100-Year-Old Cognac Bottles Salvaged from Shipwreck in the Baltic Sea
It took two decades, but the Swedish shipwreck recovery experts at Ocean X Team finally got what they were after: 50 cases of cognac and 15 cases of liqueur dating back at least 100 years. Consider the extra 20-year wait a bit of additional aging time.
First discovered back in 1999, the S.S. Kyros was a Swedish ship sunk by a German submarine in 1917 during World War I. According to Ocean X Team, the ship was attempting to deliver the now-recovered booze from France to Russia, under the assumption that the neutral Swedes wouldn't be messed with. But apparently the Germans believed the Kyros was carrying contraband, so though the crew was safely returned to Sweden, the vessel itself was disposed of by sinking it to the bottom of the ocean—250 feet down into the international waters of the Baltic Sea between Sweden and Finland.
Despite being found before Y2K, as Ocean X Team explains, the remains of the S.S. Kyros wreck have "during the years been heavily damaged by fishing trawls and trawl boards," and as a result, several time, it has "been cleared from nets to make it possible for divers and unmanned underwater vehicles (ROV's) to access the wreck." But on October 22, the Deepsea Worker salvage vessel returned to Sweden with the final haul of cargo recovered from the Kyros—a significant supply of De Haartman & Co cognac and Benedictine liqueur, the latter of which is still produced by Bacardi.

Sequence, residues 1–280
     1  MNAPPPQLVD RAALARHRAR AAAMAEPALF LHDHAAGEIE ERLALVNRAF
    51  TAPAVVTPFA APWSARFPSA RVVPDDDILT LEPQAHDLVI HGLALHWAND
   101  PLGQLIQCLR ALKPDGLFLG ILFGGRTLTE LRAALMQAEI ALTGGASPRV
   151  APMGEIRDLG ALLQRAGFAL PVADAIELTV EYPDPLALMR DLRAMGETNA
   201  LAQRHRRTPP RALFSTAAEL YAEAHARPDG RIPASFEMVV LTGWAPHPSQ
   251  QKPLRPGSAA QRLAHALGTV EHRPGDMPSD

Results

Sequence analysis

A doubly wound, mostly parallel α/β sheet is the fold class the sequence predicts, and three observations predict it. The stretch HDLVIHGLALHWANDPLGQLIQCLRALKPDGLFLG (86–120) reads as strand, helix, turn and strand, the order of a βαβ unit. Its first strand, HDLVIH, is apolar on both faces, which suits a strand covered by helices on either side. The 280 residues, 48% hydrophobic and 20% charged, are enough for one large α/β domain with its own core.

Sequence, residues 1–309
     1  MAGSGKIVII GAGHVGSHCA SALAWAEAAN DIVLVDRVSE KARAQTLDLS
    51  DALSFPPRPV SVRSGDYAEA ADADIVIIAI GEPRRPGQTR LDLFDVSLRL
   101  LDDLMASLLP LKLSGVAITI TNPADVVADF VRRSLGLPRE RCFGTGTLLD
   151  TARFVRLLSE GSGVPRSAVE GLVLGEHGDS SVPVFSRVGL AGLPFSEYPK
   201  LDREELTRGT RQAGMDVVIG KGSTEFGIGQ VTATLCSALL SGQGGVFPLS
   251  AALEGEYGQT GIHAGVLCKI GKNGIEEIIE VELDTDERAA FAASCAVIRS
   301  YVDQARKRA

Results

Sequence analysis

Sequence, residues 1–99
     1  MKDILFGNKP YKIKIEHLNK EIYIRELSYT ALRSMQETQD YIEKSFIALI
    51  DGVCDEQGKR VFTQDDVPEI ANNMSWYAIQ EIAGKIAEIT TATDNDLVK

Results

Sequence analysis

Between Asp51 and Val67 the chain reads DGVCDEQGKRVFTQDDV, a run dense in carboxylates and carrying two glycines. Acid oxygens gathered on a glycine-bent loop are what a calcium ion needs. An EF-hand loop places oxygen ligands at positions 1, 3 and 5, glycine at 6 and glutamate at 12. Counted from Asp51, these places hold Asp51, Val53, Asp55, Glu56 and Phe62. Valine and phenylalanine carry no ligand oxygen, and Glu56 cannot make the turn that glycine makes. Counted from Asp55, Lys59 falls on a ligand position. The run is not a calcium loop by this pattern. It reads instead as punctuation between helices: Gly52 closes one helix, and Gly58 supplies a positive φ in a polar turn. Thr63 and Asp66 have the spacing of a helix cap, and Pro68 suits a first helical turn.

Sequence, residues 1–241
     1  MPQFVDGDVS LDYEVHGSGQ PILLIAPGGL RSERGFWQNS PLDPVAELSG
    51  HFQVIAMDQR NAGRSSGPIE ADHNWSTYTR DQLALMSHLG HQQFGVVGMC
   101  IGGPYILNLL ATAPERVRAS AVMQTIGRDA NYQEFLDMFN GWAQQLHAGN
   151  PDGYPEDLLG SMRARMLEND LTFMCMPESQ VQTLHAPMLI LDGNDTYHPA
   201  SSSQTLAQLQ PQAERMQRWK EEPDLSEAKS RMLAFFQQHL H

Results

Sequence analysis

"Bacardi, being the owner of the Benedictine brand, a product that was created more than 500 years ago by French monks, are excited to hear about the find and are eager to learn if the product has been preserved for the duration of the stay under water," Petra Caspolin, marketing manager at Bacardi in the Nordics, was quoted as saying.
Bacardi does bring up an important question. Whether any of the recovered booze is still palatable isn't clear. Also, Ocean X Team didn't suggest a value for the haul in their announcement, though clearly how well the spirits were preserved would play a role in that. Still, the team called it worth the effort regardless. "The importance of this event cannot be overemphasized," the announcement proclaimed. "It's not only a find of rare cognac and liqueur but also a part of history of the former imperial Russia."
So in the end, the Swedes have finally completed this World War I delivery… by delivering it to themselves. They just had to employ the "100 years under the sea and we keep it" rule.